Living With HOPE: An Interview With Anthony Burrill

Over the past decade, we’ve worked with HOPE not hate to help them defeat extremism and spread their message of optimism, from changing the face of the organization to reflect their true grassroots identity to running mass voter registration and GOTV campaigns, and working with the organisation to take down neo-Nazis in the U.S.

In their latest project, organised by Blue State Digital, HOPE not hate has collaborated with graphic artist, print-maker, and designer Anthony Burrill to produce an exclusive series of screen prints marrying the organisation’s progressive message with Anthony’s unique style. These 100 prints are now available via HOPE not hate’s shop as part of their end-of-year fundraising campaign; all funds raised from the sale of the prints will go towards HOPE not hate’s campaign to defeat the far-right.

We caught up with Anthony to find out more about his creative process and what inspired him to participate in this project.

BSD: ­What inspired you to make this print?
AB: There’s so much happening in the world today to be concerned about, with the rise of the far right, Trump, and how divisive politics has become. I’ve made this print for HOPE not hate because I wanted to add my voice and make a positive statement. I think the phrase “Live With Hope” is something that we should all strive to do in these difficult times.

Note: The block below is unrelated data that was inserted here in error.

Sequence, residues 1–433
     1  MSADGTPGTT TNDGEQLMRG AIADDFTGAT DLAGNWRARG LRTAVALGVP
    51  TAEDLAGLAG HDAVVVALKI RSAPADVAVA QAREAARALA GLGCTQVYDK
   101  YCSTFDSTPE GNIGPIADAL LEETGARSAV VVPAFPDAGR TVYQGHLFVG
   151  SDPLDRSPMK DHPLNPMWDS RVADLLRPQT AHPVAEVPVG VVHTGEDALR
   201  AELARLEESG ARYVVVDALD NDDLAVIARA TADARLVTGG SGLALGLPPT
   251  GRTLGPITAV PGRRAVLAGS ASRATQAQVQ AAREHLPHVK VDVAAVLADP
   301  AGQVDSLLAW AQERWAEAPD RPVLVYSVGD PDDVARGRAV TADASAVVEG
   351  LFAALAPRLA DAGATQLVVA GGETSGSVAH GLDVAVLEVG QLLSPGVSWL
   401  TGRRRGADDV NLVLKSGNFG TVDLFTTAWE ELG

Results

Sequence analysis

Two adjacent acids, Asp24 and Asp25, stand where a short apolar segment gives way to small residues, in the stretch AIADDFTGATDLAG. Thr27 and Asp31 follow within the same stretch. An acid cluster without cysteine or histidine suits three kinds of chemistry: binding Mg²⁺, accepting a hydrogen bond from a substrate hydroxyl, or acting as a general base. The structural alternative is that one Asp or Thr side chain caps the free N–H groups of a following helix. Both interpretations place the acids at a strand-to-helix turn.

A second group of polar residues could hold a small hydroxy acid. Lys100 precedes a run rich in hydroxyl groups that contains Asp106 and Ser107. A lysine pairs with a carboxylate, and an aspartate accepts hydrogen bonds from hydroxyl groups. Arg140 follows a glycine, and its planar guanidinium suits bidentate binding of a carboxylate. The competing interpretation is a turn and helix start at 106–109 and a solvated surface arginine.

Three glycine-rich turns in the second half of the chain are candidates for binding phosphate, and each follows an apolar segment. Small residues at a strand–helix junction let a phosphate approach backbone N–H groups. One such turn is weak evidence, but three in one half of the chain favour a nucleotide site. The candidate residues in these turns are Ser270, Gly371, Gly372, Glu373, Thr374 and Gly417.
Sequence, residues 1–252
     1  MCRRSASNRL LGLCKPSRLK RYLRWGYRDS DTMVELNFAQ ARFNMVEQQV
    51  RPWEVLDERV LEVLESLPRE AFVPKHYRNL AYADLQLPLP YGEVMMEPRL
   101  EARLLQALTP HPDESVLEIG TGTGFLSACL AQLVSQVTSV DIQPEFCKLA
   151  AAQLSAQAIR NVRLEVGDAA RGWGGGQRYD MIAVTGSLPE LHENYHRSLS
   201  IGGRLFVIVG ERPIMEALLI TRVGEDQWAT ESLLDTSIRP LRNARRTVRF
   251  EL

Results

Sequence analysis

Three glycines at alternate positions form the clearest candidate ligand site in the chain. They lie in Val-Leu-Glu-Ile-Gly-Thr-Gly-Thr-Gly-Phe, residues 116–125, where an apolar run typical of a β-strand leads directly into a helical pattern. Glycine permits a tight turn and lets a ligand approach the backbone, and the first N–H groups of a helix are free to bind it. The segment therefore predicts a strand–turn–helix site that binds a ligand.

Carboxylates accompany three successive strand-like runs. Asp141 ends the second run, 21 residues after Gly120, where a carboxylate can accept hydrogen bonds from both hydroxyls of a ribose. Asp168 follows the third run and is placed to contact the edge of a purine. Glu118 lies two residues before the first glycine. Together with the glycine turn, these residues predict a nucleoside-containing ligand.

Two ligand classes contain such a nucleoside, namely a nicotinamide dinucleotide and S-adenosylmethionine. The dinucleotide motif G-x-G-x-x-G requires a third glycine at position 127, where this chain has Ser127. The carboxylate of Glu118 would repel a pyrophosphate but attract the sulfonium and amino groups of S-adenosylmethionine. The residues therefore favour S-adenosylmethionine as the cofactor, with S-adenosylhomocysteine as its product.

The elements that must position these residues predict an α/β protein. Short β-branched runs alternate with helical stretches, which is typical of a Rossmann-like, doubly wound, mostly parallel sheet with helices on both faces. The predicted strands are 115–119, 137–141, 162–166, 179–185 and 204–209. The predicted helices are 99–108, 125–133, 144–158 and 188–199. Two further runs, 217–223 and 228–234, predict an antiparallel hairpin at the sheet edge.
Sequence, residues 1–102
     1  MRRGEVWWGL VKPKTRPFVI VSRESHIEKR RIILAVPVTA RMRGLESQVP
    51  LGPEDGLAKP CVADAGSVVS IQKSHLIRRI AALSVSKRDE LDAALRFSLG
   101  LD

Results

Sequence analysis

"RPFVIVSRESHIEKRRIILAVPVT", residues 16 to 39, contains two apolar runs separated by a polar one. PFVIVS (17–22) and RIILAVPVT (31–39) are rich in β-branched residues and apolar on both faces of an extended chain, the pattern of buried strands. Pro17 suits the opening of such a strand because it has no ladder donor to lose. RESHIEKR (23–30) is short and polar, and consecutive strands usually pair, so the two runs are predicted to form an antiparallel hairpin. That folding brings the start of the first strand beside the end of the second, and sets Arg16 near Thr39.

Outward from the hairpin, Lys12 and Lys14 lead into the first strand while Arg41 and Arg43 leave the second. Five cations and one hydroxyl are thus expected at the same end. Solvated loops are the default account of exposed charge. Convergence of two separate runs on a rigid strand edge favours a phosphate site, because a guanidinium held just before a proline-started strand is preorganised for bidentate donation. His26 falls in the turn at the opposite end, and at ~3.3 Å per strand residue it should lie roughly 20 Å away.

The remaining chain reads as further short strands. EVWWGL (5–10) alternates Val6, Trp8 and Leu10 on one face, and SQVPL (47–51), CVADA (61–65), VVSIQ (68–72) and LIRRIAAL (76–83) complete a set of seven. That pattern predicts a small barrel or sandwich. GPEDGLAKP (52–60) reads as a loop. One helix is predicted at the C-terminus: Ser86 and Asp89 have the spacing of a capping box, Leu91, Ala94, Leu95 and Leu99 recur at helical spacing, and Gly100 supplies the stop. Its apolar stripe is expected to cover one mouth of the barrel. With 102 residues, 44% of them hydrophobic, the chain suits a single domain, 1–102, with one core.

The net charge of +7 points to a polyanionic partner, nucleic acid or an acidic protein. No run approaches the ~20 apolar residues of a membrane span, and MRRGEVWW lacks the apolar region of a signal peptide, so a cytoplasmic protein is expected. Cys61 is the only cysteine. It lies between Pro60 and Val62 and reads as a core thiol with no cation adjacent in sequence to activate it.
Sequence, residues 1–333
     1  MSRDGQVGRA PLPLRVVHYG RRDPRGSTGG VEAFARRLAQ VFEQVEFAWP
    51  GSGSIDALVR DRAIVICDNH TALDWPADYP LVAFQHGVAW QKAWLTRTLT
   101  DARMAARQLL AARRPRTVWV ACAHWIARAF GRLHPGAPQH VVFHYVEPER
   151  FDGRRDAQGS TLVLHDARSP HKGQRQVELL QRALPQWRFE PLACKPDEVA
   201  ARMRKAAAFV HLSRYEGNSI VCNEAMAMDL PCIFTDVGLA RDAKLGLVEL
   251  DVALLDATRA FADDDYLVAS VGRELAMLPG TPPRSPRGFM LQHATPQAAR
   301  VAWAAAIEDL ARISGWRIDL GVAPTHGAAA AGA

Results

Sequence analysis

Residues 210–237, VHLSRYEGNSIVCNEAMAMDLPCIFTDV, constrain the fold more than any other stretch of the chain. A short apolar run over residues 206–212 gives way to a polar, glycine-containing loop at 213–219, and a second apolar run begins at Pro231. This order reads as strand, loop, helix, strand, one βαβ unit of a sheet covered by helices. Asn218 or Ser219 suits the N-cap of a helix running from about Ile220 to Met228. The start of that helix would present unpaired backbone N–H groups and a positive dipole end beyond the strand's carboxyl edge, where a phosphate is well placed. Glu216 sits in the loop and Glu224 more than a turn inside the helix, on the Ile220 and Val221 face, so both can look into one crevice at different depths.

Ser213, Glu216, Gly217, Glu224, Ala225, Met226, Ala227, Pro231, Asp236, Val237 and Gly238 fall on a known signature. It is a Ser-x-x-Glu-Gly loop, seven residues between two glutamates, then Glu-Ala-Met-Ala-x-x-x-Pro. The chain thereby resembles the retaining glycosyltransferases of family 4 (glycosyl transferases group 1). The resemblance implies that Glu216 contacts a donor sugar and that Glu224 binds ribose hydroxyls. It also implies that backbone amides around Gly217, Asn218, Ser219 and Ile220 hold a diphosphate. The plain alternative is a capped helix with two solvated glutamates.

BSD: How did you approach the design process?
AB: I try and say as much as I can using as little as I can, stripping back the choice of words and sentiment to its essential. The colours for the print are based on the existing branding of HOPE not hate, but I use yellow a lot in my work anyway; it’s one of the best colours there is. It’s very strong, and I think that when it’s used in combination with another bright colour, like red, then it’s hard to miss.

BSD: Tell us about the process you went through to make these prints.
AB: The initial part of the process was thinking about what I wanted to say, and then reducing that down as much as possible. Once I’d decided on the phrase I was going to use, I worked on the simple layout. I thought that the type sat nicely in a circle, so after that it’s working out the typography, preparing the artwork for screen printing, making the screens, and going through the whole screen printing process. I like the tactile nature of prints that you get from screen printing. They feel very precious, like something you’d want to hold and look at for a while.

BSD: What do you hope to achieve from the work?
AB: I wanted to make a new statement about the importance of being hopeful — to get a positive message out there and create more dialogue around these difficult subjects. Things can eventually get better, so I think that living with hope is the best thing that we can do.


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